I live in central Texas and one of the most exciting recent developments has been the construction of the new Baylor facility McLane Stadium. Baylor fan or not, the modestly sized but aesthetically outstanding football stadium is a splendid point of pride for all locals who drive by it on 35. Up the road in Arlington, Jerry Jones constructed the world’s preeminent multi-event facility with AT&T Stadium. It is a true wonder of the world. Two new palatial venues at different levels in different towns to ostensibly host the same types of events. Yet, they couldn’t be more different.
Music venues can be like that too. I’ve been in new ones that click right away and new ones that falter. I’ve been in some that are over 100 years old and I wouldn’t change a thing. While other older venues need a complete renovation. I’m far from an expert, but I’ve been attached to venues in all sorts of capacities: performer, road manager, booking agent, talent buyer, concert promoter and even bartender/bouncer. What makes a nice venue isn’t the brick, wood or concrete. It’s the people. The staff. The musicians. The fans. The soul.
Our own Jon Paul “Hogleg” Long is now venturing into the venue business with a very cool space down in New Braunfels. I have all the confidence that JP’s space will be one of the coolest venues in the state. Don’t think he can’t, as he would say. He’s been around the block too and he knows what works, and more importantly, what doesn’t. It’s a tough business. Equally as tough as the musician side of things, if not more so. It’s hyper competitive and everyone is fighting for the same dwindling disposable income from the most fickle of demographics. You’re always going to have folks that chase the cheapest drink specials and the shiniest new thing. The venues that are able to financially fight through this usually end up thriving. But it’s extremely difficult. That’s why we’ve seen some of the best music venues around have to close the doors. Our region has always been one that has been supportive of musicians performing original music and not being beholden to cover songs. I’ve noticed that passion fade slowly over the past few years. Don’t get me wrong, I love a great cover band when the time is right. They’re not the problem. At least it’s still live music. It’s the wave of karaoke and DJ’s ruining things.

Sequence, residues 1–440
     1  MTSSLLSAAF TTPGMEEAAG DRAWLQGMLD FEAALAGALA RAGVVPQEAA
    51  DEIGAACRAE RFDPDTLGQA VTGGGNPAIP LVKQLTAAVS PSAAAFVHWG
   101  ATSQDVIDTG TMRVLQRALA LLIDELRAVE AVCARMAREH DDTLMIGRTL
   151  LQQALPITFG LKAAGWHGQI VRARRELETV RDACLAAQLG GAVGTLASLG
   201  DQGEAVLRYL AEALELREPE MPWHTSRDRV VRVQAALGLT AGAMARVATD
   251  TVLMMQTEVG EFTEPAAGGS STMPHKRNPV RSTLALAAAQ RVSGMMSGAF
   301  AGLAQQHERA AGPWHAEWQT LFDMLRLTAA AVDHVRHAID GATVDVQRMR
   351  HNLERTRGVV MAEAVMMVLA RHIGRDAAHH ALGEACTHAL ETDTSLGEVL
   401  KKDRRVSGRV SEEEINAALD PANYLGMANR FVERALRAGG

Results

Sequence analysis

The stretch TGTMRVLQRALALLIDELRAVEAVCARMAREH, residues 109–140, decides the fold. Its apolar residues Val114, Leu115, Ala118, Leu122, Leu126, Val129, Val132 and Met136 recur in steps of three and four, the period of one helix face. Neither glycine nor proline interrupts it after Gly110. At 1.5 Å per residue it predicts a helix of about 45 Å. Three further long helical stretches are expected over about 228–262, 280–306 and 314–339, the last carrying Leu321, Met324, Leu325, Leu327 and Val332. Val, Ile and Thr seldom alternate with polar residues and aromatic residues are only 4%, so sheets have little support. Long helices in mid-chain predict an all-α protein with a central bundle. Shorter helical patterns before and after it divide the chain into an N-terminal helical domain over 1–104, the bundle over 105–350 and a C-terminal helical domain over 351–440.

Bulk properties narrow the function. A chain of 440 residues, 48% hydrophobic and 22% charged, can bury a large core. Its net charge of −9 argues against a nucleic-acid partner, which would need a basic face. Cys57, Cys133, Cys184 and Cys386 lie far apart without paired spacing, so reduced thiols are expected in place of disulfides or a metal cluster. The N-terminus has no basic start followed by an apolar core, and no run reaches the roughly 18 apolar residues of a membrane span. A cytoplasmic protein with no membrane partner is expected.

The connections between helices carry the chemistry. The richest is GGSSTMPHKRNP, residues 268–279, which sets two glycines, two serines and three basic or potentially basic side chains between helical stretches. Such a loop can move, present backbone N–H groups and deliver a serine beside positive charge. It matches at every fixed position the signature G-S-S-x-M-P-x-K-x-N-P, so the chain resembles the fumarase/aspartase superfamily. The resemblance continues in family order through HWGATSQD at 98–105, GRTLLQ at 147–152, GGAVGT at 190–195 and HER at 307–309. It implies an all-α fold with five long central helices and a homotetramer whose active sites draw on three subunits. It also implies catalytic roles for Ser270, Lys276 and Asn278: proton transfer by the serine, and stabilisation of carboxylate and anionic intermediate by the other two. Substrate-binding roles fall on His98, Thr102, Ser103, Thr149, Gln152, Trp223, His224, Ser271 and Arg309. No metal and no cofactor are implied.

As the Rev. Horton Heat mentioned this week in a startingly real op-ed piece about the current plight of professional musicians:
Back in the ’70s, a club DJ was the cheesiest guy in the place who used his wannabe radio voice, and his love of disco, to pretend he was actually talented and a star. Everyone knew that the guitar, bass, drum and singer people were the truly talented ones who had a shot at a career in music. Nowadays, a club DJ is a person who pretends that he/she is as talented as a real musician, and the stupid club owners and promoters foster this pose since they pay the person thirty thousand dollars (or a lot more) to stand up on a stage with their iPod blaring disco junk. That’s tough to swallow when you realize that the best musician in your town will play piano at the Hyatt Regency brunch on Sunday for that ‘magic’ one hundred dollars.